miRNA sequences for AIF were designed using online software (BLOC

miRNA sequences for AIF were designed using online software (BLOCK-iT RNAi Designer from Invitrogen). The target sequence was 5′-GTGCCTATGCCTACAAGACTA-3′. This single-stranded oligonucleotide generated

a double-stranded oligonucleotide, which instructed into pcDNA™ 6.2-GW/EmGFP-miR vector. This vector contains EmGFP that allow identifying of the transfection efficiency using fluorescence microscopy. The construct pcDNA™ 6.2-GW/EmGFP-miR-LacZ was used as a control. Cells were transiently transfected with these plasmids using lipofectamine (Invitrogen). Statistical analysis The data are expressed as means ± SEM and the difference between two groups was evaluated using Student’s t-test. Multiple group comparison was done using one-way analysis of variance Selleck BIBW2992 followed by the Tukey post hoc test. A probability level of 0.05 was used to establish significance. Results and Discussion Effect of calpain inhibitor on silibinin-induced cell death Calpains are cytosolic Ca 2+ -activated neutral cysteine proteases and ubiquitously distributed in all animal cells, which play a critical role in regulating cell viability DAPT [11, 12]. Accumulating evidence suggests that calpain activation may contribute to cell death in certain cell types including thymocytes, monocytes, cardiomyocytes, and neuronal cells [13]. Since our previous study

showed that the calpain inhibitor Z-Leu-Leu-CHO at 0.5 μM significantly protected effectively against the silibinin-induced cell death [8], we observed in the present study the dose-dependency

of the inhibitor effect. The results showed that the calpain inhibitor exerted protective effect against the silibinin-induced cell death in a dose-dependent Plasmin manner with maximum potency at 0.5-1 μM (Figure 1A). Silibinin also induced calpain activation, which was blocked by EGTA and calpain inhibitor (Figure 1B). These results indicate that calpain activation plays a critical role in the silibinin-induced cell death in human glioma cells. Figure 1 Role of calpain in silibinin-induced cell death. (A) Cells were exposed to 30 μM silibinin for 36 h in the presence of various concentrations of calpain inhibitor (Z-CHO). Cell viability was estimated by MTT assay. Data are mean ± SEM of four independent experiments performed in duplicate. *p < 0.05 compared with silibinin alone. ( B ) Cells were exposed to 30 μM silibinin for 24 h in the presence of 2 mM EGTA and 0.5 μM Z-CHO. Calpain activity was measured by calpain assay kit. Data are mean ± SEM of four independent experiments performed in duplicate. *p < 0.05 compared with silibinin alone. Role of calpain and protein kinase C (PKC) activation in ROS generation and cell death induced by silibinin The silibinin-induced cell death was associated with ROS generation mediated by intracellular Ca2+ [8].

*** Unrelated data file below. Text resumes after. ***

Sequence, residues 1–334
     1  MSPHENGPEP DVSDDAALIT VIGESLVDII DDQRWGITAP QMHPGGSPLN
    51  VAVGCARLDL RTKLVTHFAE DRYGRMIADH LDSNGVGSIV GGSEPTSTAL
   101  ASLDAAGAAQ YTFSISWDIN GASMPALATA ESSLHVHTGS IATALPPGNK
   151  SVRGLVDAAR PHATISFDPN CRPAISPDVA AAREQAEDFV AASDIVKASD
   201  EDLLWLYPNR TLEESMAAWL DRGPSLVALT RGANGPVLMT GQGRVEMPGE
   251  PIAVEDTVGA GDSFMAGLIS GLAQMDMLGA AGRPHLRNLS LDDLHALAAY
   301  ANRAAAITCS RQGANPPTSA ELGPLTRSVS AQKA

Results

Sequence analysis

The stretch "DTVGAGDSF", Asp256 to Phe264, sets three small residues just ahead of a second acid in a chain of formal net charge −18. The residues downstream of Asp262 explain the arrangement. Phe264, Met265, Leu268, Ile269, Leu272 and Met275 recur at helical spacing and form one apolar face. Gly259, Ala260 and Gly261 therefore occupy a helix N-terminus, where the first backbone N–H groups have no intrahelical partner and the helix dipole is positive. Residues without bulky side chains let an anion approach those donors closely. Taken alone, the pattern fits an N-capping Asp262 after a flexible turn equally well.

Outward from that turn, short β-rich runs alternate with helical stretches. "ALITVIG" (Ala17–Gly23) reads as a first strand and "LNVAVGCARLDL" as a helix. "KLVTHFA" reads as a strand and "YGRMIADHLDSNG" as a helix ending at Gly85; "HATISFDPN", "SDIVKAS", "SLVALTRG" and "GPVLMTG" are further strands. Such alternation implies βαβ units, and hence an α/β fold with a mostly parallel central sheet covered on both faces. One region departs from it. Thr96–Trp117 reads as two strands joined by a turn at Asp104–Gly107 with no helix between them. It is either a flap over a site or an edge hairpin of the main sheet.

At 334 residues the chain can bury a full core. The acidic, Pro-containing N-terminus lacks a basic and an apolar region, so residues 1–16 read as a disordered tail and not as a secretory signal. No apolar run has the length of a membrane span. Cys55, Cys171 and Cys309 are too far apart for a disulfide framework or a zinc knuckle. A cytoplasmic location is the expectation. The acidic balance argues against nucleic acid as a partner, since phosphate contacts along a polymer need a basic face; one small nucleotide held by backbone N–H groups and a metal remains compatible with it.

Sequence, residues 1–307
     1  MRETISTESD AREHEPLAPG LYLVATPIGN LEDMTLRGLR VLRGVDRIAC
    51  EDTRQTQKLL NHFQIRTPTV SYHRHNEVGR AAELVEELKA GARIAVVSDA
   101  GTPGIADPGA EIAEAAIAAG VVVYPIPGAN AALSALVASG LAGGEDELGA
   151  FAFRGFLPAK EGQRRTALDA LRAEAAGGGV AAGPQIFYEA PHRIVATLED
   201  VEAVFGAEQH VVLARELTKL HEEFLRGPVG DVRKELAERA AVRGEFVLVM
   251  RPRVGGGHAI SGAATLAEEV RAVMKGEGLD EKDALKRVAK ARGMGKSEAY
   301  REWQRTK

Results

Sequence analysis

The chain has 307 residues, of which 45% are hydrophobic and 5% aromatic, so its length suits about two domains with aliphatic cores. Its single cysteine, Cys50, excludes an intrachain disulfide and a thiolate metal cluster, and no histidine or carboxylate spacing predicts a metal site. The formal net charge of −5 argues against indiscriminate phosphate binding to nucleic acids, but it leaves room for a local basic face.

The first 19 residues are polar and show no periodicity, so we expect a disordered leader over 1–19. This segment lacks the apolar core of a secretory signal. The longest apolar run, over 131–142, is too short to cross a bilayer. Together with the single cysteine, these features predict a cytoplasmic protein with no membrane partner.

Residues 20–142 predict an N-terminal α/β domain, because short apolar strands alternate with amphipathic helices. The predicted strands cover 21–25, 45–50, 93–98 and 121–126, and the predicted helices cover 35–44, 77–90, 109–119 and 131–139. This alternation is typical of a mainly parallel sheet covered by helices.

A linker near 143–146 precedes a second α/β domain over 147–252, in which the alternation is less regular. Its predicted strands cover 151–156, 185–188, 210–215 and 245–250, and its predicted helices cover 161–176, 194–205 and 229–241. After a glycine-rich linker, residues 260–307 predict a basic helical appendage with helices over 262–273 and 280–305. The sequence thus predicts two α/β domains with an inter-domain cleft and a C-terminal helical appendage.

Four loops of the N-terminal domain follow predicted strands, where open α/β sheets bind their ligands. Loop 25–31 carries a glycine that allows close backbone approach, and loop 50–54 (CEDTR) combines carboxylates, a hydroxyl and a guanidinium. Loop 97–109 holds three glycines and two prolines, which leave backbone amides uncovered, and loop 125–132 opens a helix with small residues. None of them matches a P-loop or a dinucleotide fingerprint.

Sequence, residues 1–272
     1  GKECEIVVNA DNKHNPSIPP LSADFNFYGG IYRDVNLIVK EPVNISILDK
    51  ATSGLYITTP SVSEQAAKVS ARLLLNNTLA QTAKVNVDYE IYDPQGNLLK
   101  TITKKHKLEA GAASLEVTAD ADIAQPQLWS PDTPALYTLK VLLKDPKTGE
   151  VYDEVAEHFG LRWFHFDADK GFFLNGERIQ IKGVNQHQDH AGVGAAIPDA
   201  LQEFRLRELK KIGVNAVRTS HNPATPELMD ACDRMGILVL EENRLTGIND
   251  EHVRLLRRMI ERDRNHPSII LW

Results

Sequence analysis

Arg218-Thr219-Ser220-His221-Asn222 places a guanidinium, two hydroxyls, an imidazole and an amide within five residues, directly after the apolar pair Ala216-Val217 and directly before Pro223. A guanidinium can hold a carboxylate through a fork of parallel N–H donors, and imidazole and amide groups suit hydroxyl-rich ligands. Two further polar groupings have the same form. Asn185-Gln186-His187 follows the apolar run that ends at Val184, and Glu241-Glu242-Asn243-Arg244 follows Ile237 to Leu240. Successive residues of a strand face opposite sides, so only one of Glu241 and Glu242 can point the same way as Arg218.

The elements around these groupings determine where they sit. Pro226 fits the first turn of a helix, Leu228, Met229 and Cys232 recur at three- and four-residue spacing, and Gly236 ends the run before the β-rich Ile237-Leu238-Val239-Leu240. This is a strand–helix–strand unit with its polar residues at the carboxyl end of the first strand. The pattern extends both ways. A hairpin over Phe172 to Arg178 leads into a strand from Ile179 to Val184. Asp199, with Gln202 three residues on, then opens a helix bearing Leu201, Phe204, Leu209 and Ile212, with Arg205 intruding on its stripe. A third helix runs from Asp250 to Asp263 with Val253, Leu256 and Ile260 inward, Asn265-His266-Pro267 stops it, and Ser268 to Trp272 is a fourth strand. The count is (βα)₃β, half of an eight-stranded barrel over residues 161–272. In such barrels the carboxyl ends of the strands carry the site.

The interaction energies are calculated in the point-dipole appro

The interaction energies are calculated in the point-dipole approximation assuming a common linewidth for all transitions

of ∼80 cm−1. Screening by the protein is taken into account by a dielectric constant that was used a global free-fit parameter. The initial calculated dipole strength of 68.9 D 2 is thus reduced by a factor 2.4 leading to an effective dipole strength of 28.7 D 2, a value that is lower than that proposed by Pearlstein (1992). This value is close to a physically relevant value of the reduced dipole strength in the range of 25–40 D 2. In order to simulate the spectra, a minimum of free parameters was used to fit the essential features of the spectra. The authors proposed that the model can be improved by inclusion of vibrations, lifetime broadening of the highest energy Protein Tyrosine Kinase inhibitor INCB024360 concentration exciton states, and by allowing for different dipole strengths for the individual BChl a molecules and a variation of the dielectric constant over the protein. Simulations based on the same exciton model were performed by the following research groups: Vulto et al. (1998a, 1999), Wendling et al. (2000, 2002), and Iseri and Gülen (1999). Table 7 Exciton energies

of Prosthecochloris aestuarii in the monomer Exciton A B C D E 1 827.1–824.4 825.6 825.7 825.0 823.8 2 816.3 815.2 814.5 814.1 813.7 3 813.0 813.5 812.2 812.8 811.5 4 807.8 806.7 805.8 805.9 804.7 5 804.8 802.7 800.8 801.5 801.0 6 801.3 800.2 796.4 799.6 PJ34 HCl 797.8 7 793.6 791.5 793.0 791.5 789.4 Where A is from Johnson and Small (1991), B is from Louwe et al. (1997b), C is from Vulto et al. (1999), D is from Iseri and Gülen (1999), E is from Wendling et al. (2002) Nature of the lowest energy band The assignment of the bands in the absorption spectrum, especially of the band, the lowest in energy at 825 nm, has proven to be difficult. The number of excitonic states and their respective energies have been the subject of intense debate. Johnson and Small (1991) concluded that lower and higher spectral energy features flanking the hole-burning line can only be explained when excitonic interactions between the BChls are taken into account. Furthermore,